An NTSB senior metallurgist reported that all fractures associated with these components were inspected using a 5X to 50X stereo zoom microscope. All fracture surfaces on the control column; and both flight control sticks were found to be due to overstress. The front control stick had a 0.22 inch diameter hole drilled in the forward side of the tube wall about 0.42 inch above the top of the stick socket. The overstress fracture initiated at the edges of this hole. The rear control stick had a 0.15 inch diameter hole drilled in the forward and aft sides of the tube wall (clearance holes to accommodate a mounting bolt) about 0.40 inch below the top of the stick socket. The overstress facture in the rear stick initiated at the edges of the forward hole.
The linkage fractures associated with the elevator control servo assembly were inspected using a 5X to 50X stereo zoom microscope. In all instances, the fractures were found to be consistent with a bending overstress. A control linkage that measured approximately 18 inches long and 0.5 inch in diameter had threaded ends. Both of the threaded end's fracture surfaces were consistent with bending overstress as indicated by inspection.
Examination of the front control stick revealed that it was fractured in overstress due to cantilever bending just above the control column fitting. Near the top of the front control stick, six 4-40 NC threaded holes were located within the tube. The threads appeared to be stripped within holes labeled one, four, and six. Hole number four exhibited a second untapped hole overlapping it. The top of the front control stick appeared to be saw-cut and hand filed.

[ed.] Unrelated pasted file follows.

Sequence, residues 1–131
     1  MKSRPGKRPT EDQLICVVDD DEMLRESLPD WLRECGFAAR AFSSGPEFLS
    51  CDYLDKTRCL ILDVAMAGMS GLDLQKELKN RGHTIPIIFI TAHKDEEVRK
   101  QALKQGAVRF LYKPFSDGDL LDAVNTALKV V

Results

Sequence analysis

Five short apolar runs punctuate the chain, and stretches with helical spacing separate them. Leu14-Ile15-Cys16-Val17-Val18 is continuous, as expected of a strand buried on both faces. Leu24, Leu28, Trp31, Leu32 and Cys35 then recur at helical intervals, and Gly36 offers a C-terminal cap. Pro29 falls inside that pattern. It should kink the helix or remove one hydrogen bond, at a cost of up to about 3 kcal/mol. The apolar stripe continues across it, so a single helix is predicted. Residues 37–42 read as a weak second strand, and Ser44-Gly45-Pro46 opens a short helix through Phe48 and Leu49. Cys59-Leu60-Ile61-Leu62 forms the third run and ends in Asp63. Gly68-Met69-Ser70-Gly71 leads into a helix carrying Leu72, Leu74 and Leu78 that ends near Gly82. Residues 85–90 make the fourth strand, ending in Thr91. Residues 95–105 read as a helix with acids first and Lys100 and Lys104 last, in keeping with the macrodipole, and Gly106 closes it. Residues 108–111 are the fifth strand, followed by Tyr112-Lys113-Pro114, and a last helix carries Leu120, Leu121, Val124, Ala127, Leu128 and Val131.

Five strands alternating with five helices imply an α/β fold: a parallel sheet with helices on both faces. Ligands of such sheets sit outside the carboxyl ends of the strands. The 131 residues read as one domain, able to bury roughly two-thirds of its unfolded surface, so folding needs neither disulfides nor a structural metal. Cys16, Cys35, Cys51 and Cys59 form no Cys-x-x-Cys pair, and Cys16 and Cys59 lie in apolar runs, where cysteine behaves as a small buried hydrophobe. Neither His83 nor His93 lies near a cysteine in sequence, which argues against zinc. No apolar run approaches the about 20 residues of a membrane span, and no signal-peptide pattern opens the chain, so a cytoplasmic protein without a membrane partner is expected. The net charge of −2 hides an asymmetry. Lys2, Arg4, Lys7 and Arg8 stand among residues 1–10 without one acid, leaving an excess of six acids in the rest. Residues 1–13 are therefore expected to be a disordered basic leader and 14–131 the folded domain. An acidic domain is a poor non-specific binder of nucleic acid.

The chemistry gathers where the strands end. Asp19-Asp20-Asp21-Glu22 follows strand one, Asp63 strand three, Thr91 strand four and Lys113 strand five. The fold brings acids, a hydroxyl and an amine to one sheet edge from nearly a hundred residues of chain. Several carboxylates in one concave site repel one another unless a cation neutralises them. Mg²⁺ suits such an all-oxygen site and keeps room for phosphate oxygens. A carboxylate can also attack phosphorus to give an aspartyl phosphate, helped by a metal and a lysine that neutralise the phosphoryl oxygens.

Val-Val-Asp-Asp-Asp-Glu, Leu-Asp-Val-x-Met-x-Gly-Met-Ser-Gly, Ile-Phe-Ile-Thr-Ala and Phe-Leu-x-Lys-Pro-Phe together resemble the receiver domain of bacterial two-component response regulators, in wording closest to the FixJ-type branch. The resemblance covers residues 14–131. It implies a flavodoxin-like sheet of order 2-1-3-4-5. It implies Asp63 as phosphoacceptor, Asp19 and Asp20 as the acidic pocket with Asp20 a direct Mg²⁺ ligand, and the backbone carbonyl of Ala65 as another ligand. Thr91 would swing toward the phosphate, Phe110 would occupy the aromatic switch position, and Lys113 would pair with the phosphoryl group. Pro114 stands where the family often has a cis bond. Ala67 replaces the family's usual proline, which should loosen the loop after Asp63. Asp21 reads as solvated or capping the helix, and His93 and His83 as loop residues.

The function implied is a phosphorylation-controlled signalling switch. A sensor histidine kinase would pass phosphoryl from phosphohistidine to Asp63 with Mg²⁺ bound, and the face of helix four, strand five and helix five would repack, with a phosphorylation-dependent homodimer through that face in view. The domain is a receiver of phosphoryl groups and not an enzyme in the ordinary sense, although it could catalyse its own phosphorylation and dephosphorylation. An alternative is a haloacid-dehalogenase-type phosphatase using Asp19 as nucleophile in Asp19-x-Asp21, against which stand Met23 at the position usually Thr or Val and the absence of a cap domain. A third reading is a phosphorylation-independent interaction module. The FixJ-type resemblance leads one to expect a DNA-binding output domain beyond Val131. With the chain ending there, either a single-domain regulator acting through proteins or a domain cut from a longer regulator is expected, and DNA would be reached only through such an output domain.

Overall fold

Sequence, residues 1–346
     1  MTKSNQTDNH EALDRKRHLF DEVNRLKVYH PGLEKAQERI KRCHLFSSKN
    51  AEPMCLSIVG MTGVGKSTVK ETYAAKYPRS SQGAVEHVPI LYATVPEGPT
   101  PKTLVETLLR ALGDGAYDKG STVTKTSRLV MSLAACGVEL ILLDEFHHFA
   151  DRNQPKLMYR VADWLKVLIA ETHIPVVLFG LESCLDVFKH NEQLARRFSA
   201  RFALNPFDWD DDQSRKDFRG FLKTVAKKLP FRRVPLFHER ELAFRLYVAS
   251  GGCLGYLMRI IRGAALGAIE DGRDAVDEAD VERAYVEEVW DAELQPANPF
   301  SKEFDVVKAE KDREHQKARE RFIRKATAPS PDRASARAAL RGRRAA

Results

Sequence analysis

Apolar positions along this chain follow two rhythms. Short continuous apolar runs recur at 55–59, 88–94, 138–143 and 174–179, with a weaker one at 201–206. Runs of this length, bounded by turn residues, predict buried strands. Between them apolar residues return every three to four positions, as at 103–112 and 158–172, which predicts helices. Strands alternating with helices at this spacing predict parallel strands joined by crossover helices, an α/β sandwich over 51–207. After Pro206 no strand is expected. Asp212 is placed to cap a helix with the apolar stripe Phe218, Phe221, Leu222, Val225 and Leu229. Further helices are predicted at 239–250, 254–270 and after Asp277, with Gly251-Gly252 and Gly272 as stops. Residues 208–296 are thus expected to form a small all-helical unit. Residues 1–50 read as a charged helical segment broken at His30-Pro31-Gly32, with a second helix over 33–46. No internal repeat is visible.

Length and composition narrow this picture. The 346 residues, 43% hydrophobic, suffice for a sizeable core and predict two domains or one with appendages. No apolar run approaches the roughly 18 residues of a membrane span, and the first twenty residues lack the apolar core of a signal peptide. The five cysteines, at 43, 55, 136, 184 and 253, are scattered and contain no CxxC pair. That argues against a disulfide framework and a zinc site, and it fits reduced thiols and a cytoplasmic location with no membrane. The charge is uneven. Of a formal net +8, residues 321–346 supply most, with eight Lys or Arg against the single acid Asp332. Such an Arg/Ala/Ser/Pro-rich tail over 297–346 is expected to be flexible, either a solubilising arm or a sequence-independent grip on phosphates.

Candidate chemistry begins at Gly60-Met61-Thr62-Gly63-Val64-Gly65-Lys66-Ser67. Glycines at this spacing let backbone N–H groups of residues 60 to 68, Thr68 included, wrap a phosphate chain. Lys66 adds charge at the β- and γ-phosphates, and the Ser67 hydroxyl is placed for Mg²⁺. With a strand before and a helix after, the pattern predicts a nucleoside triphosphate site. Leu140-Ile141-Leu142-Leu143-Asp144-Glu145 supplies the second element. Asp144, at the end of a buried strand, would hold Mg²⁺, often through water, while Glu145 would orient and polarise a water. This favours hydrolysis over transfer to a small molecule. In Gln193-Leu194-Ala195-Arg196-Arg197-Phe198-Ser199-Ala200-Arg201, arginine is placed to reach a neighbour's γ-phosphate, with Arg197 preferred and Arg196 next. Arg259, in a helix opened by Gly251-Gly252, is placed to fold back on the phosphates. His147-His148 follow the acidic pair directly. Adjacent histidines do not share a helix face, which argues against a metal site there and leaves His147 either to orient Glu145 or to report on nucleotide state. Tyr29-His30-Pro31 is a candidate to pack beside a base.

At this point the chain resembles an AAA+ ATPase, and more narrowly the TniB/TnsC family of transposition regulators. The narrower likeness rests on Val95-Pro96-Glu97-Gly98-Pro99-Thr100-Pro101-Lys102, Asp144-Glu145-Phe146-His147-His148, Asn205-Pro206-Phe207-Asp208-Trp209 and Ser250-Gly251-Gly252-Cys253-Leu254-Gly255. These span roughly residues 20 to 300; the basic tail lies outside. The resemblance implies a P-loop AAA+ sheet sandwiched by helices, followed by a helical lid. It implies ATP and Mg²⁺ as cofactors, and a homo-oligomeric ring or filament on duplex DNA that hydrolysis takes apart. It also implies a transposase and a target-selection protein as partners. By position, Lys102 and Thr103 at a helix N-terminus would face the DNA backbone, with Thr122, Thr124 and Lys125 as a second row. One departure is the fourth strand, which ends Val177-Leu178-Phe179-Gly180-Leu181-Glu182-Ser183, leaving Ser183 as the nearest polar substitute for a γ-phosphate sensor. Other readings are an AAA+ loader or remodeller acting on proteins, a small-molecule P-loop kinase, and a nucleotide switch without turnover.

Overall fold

According to a representative from Team Rocket LP, the control sticks were fabricated from aluminum alloy 6061 and tempered to the T6 condition. Examination of the front and rear control sticks revealed that the aluminum alloy composition and tube wall thickness were within specification limits. The hardness and conductivity measurements for both control sticks were found consistent with aluminum alloy 6061 in a T4 or a lower strength T6 condition.